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Need help with this DIFFICULT QUESTION :/ watch

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    is this A Level
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    Polar integration will help. But I'm assuming this is AS?
    Actually looking at it polar would be of no use really.
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    Notice that it says OB and OC are arcs of circles.
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    AOB = Equilateral Triangle.

    The angle = pie/3 as a result.

    Find the area of the semi circle to the left.

    Use pie/3 as an angle to find both sectors.

    Add these up, then take away from the area of the whole circle.
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    (Original post by Bigbosshead)
    AOB = Equilateral Triangle.

    The angle = pie/3 as a result.

    Find the area of the semi circle to the left.

    Use pie/3 as an angle to find both sectors.

    Add these up, then take away from the area of the whole circle.
    But how do you know AOB is Equilateral Triangle?
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    Solomon paper L
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    I was thinking the same until i realised that:

    AO = OB

    AB = AO

    therefore AO = AB = OB
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    (Original post by Adorable98)
    But how do you know AOB is Equilateral Triangle?
    You are told that arc OB is an arc of a circle with radius r and centre A.

    So AO and AB must be equal since they have to be radii of that circle with centre A.

    And AO = OB since they're both radii of the main circle.

    So AO = AB = OB.
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    Same question was posted 3 days ago:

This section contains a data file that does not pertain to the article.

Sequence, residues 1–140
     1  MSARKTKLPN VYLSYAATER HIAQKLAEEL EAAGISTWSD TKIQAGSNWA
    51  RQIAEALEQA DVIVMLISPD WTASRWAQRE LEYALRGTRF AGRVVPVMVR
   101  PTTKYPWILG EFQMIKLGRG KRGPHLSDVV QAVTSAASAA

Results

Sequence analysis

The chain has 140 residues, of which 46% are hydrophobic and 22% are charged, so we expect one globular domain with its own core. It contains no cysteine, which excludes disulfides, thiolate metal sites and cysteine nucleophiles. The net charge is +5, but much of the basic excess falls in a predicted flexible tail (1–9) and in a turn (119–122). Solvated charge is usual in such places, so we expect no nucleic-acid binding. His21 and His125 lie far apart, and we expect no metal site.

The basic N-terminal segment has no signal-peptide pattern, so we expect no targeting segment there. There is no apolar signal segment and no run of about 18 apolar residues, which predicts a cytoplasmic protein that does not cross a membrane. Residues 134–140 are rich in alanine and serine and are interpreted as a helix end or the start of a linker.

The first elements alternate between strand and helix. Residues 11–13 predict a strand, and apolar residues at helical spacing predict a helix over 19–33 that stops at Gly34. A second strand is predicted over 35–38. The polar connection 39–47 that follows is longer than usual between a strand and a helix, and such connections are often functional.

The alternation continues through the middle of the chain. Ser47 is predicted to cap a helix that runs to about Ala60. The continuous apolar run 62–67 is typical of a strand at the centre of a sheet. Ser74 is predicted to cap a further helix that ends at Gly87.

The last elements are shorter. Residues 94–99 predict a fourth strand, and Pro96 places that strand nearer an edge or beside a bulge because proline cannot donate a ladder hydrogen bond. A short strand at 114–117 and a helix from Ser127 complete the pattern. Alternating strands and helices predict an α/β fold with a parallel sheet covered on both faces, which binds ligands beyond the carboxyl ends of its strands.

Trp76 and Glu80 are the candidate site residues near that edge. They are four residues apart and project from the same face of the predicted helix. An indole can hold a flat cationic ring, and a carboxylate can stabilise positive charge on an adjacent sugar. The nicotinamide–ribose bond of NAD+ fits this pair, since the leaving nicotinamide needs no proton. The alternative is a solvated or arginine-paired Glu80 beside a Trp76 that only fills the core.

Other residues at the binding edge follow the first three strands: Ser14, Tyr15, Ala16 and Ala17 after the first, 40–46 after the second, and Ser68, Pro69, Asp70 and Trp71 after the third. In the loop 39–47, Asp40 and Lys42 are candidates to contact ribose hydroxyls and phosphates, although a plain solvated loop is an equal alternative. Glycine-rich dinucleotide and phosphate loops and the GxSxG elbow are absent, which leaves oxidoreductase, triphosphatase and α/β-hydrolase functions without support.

http://www.thestudentroom.co.uk/show...729&highlight=

    should be useful^
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    (Original post by B_9710)
    Polar integration will help. But I'm assuming this is AS?
    Actually looking at it polar would be of no use really.
    I mean, you could...

    Spoiler:
    Show
    Observe that the circle formed by extending the arc OB has equation \rho = 2r\sin \theta in polar coordinates (\rho, \theta). Given that the equation of the main circle is \rho = r, it is easily seen that the first intersection of the two circles occurs at B = (r,\pi /6) (in polars). Hence the area of the segment defined by sector AOB is given by:

    \dfrac{1}{2}\displaystyle\int_0^  {\pi /6} (2r\sin \theta)^2 d\theta = r^2 \displaystyle\int_0^{\pi /6} [1-\cos 2 \theta] d\theta = r^2 [ \pi / 6 - \sqrt 3 /4]

    Noting also that the area of sector OBC is \dfrac{1}{2}r^2 \cdot \dfrac{\pi}{3} and that the segment defined by sector OCD is equal in area to the one found above by symmetry, we see the shaded region is given by:

    r^2\dfrac{\pi}{6} - 2r^2 [ \pi / 6 - \sqrt 3 /4] = \dfrac{1}{6}r^2[3\sqrt{3} - \pi]


    But this is slightly more involved than simply working out the segment directly (since, in this case, the arc is all circular and nice) and therefore excessive.
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    (Original post by notnek)
    You are told that arc OB is an arc of a circle with radius r and centre A.

    So AO and AB must be equal since they have to be radii of that circle with centre A.

    And AO = OB since they're both radii of the main circle.

    So AO = AB = OB.
    (Original post by Bigbosshead)
    I was thinking the same until i realised that:

    AO = OB

    AB = AO

    therefore AO = AB = OB
    (Original post by Bigbosshead)
    AOB = Equilateral Triangle.

    The angle = pie/3 as a result.

    Find the area of the semi circle to the left.

    Use pie/3 as an angle to find both sectors.

    Add these up, then take away from the area of the whole circle.
    (Original post by B_9710)
    Notice that it says OB and OC are arcs of circles.
    (Original post by SM45367)
    Same question was posted 3 days ago:
    http://www.thestudentroom.co.uk/show...729&highlight=

    should be useful^
    Thank you so much!!!
 
 
 
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